Living Freely: The Fruit of Faith and Reason
We can agree on this: Everyone wants to know. Exalted things. Everyday things. Even trivial things. Whether it’s getting to the heart of the matter or coming up with the perfect word for the thought, there’s something delightful about knowing the truth and calling each thing by its right name.
The human person inquires into the meanings of things in all kinds of ways, and our everyday experience is rich with ordinary wisdom. The mind is naturally thrown open to reality. We are born into a web of truth and our lives make sense to the degree that they assume their proper place within it.
In this search, we sometimes proceed by rigorous methods as in philosophy, science, and other academic disciplines. Here, we focus on a particular object—like Kant’s categorical imperative or the Krebs cycle—according to a set method and under a particular aspect.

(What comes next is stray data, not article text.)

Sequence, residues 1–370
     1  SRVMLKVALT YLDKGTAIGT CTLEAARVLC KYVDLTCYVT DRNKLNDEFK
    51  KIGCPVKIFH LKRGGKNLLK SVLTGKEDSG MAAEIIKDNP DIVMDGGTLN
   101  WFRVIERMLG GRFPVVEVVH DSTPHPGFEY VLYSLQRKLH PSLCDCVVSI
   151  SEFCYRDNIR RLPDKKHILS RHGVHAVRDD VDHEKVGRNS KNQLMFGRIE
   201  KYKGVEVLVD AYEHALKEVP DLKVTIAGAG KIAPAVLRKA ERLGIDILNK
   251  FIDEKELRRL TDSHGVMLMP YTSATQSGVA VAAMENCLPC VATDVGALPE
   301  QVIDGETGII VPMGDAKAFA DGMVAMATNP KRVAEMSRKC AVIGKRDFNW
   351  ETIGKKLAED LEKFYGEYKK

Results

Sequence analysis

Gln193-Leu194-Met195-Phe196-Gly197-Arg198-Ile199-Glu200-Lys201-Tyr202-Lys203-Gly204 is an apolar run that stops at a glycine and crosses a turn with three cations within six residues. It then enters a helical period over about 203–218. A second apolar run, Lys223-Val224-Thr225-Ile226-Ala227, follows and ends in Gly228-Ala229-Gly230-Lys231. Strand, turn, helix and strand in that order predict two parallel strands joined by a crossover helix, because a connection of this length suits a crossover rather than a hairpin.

But, what if—the Christian tradition chimes in—there were something beyond mere material reality, too obscure for the human mind to illumine? And, what if the knowledge of this immaterial reality were of paramount importance in our pursuit of true wisdom? Here we have before us the whole question of faith.
Faith, whether in a natural or supernatural sense, is knowledge through testimony. With ordinary knowledge (yielded by philosophy and science), we “see” the conclusions and are convicted. With the knowledge communicated by faith, we do not/cannot see. Rather, we believe based on the statement of someone else whom we judge to be trustworthy. In an act of faith, we supply assent to a person and his testimony and thereby access a truth otherwise unavailable.